Really, it’s not as complicated as it seems. According to the Millennials + Money data sponsored by the Social Media giant, Facebook, only 33 percent of Millennials (ages 21–34) are satisfied with the way they are currently investing for retirement, and the majority aren’t saving at all. A 401(k) plan with an employer match can help jumpstart your savings. Here are 6 quick tips to help you manage the rules that come with your company match.
TIP #1: TAKE ADVANTAGE OF MATCH MATHThe employer match on your 401(k) plan is free money. But it’s also more than that. Long-term investment returns in the stock market usually average 7 to 8 percent, but with an employer match, it’s like boosting your returns to 10 percent because of the match math. Every company’s matching program is different and some don’t match at all, but getting one is the place to start if you aren’t saving already. Most companies offer a dollar-for-dollar match up to a certain percentage of your pay – usually 3 to 6 percent. The most common 401(k) match is 50 cents for each dollar contributed up to 6 percent of pay. That extra 50 percent is what can boost your returns because 20 percent of 50 percent is 10 percent.
TIP #2: UNDERSTAND HOW THE MONEY GROWSEinstein called compound interest the Eighth Wonder of the World because of its ability to snowball over time. If you have time to grow your money (and even a 50-year old has more time than you think), then you can benefit from the exponential returns offered by compound interest. In addition to the free money, the tax advantages of a 401(k) mean your money gets to benefit from triple compounding. That means there are three ways your money grows better:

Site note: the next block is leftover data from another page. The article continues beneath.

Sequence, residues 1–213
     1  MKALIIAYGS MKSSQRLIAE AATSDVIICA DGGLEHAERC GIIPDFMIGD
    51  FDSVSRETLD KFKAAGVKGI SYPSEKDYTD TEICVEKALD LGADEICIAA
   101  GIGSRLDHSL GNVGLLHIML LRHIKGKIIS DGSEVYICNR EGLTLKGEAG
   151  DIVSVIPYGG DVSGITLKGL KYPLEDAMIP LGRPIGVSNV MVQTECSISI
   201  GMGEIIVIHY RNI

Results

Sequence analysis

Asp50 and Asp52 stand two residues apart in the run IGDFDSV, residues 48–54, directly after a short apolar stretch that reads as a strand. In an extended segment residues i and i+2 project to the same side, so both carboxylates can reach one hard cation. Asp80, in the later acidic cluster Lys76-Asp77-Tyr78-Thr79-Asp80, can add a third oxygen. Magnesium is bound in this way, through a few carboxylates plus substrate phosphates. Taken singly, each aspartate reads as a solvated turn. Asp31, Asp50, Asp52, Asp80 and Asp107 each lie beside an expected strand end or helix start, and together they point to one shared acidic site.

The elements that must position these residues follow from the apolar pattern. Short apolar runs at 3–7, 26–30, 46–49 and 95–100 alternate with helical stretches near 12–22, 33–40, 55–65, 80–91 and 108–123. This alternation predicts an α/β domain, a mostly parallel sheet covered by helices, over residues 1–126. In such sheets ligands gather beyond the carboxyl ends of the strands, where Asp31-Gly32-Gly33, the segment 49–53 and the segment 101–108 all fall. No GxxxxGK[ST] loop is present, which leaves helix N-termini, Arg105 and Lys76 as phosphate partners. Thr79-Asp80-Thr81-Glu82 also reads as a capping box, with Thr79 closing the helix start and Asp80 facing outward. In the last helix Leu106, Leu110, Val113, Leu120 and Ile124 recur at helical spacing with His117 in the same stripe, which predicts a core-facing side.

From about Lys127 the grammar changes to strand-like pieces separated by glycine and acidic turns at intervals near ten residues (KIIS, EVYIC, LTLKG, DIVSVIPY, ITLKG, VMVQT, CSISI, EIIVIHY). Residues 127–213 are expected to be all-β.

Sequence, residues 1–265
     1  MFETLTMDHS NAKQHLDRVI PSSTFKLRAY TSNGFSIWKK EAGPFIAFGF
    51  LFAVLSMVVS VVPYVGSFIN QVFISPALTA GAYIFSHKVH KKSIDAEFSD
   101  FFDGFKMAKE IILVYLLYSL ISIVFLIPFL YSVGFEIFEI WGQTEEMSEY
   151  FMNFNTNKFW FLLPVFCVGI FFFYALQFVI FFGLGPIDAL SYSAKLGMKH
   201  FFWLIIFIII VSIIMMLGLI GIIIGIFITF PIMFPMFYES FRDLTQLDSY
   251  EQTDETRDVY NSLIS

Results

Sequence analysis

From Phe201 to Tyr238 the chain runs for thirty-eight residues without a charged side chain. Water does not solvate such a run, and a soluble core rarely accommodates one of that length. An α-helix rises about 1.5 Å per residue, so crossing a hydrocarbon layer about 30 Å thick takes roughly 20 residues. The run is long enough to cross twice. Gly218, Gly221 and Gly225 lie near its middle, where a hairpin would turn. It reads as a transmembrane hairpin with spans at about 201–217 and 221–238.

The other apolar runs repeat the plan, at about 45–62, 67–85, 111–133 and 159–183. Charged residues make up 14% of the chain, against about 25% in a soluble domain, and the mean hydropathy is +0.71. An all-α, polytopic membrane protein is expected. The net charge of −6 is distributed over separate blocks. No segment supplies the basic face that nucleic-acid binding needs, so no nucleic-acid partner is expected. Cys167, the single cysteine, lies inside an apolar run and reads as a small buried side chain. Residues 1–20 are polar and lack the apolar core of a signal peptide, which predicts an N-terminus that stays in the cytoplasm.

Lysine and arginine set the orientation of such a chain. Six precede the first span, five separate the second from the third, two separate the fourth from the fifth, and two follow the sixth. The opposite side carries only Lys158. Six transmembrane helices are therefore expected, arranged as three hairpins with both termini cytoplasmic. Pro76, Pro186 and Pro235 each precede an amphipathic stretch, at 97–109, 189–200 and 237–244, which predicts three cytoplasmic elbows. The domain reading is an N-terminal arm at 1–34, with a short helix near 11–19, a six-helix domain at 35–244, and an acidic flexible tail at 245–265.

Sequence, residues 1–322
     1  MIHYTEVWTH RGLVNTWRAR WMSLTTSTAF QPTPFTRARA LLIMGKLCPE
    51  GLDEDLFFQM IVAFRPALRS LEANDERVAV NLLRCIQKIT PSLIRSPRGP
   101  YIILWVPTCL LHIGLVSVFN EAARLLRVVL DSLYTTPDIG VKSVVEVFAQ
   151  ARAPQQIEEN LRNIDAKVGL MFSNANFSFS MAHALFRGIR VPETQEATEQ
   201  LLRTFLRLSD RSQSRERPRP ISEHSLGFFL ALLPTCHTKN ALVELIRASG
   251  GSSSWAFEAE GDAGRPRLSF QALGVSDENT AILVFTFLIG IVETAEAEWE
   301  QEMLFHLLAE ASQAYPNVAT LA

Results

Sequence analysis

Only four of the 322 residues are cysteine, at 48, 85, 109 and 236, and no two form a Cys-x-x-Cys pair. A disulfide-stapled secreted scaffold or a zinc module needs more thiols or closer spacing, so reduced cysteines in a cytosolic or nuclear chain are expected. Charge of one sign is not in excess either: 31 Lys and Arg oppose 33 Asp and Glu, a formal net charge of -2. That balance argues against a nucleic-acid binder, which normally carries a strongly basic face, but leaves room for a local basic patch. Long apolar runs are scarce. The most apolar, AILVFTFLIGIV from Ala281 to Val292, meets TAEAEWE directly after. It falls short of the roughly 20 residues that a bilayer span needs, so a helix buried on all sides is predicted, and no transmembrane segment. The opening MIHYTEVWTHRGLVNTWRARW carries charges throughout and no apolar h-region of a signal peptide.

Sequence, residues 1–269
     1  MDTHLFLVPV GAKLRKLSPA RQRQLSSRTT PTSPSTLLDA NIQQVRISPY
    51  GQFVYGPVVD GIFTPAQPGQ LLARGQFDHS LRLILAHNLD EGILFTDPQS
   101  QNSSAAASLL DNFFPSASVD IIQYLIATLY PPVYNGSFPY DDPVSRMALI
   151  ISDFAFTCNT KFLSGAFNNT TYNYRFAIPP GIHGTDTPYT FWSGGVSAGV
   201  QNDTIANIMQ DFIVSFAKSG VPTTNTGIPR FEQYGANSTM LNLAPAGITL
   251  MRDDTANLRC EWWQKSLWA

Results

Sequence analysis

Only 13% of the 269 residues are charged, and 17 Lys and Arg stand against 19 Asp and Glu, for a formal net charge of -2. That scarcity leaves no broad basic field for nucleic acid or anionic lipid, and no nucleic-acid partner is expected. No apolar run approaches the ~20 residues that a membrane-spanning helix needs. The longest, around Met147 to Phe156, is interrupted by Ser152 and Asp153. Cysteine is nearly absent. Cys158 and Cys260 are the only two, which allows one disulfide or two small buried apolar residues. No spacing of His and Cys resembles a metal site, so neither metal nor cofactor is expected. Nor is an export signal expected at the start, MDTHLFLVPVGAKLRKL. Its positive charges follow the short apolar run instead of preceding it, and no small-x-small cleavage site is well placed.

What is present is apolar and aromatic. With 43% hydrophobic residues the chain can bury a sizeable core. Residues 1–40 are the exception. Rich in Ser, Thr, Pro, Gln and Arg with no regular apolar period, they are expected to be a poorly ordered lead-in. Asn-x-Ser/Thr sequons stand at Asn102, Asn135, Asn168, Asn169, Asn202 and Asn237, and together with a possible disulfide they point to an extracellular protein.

- Every dollar you save reduces your current income tax bill by an equal amount. That’s why there’s a limit on the amount of money you can contribute. For 2017, the contribution limit is $18,000 a year unless you’re over 50, in which case the minimum is $24,000.
- Your take-home pay actually goes down by LESS than a dollar in proportion to what you’re able to save.
- Your money grows without being taxed on the returns it earns. And boy does it grow! If at the age of 25 you put in the $18,000 minimum and added nothing more and took nothing out, in 50 years’ time earning 10 percent, you’d have over $2 million. Don’t believe us? Check for yourself using the U.S. Securities & Exchange Commission’s Compound Interest Calculator.
TIP #3: GET VESTEDBeing vested in a 401(k) is NOT the same thing as being invested. All the money you contribute to your 401(k) plan is always automatically yours, meaning should you decide to switch jobs, you get to take that money with you. It’s the free money provided by your employer match that has to do with vesting. If you want ALL the free money, then you have to stick around until you’re vested. Once you spend enough time on the job, then all the free money plus your money goes with you when and if you leave.
TIP #4: LOCATE YOUR VESTING SCHEDULEFederal regulations set the guidelines for company vesting, but your employer gets to pick the schedule: either immediate, gradual over a period of time or all at once when you have worked for them for a certain number of years. To find out what your company’s vesting schedule is, you can do one of two things:
- Ask your Human Resources (HR) representative for a copy of your 401(k) plan’s summary plan description and locate the section on “vesting.” The rules will be explained there and if you’re still confused, you can ask your HR representative to translate.
- Check your recent 401(k) statement. It will show you how much of your 401(k) balance is currently earned from employer contributions.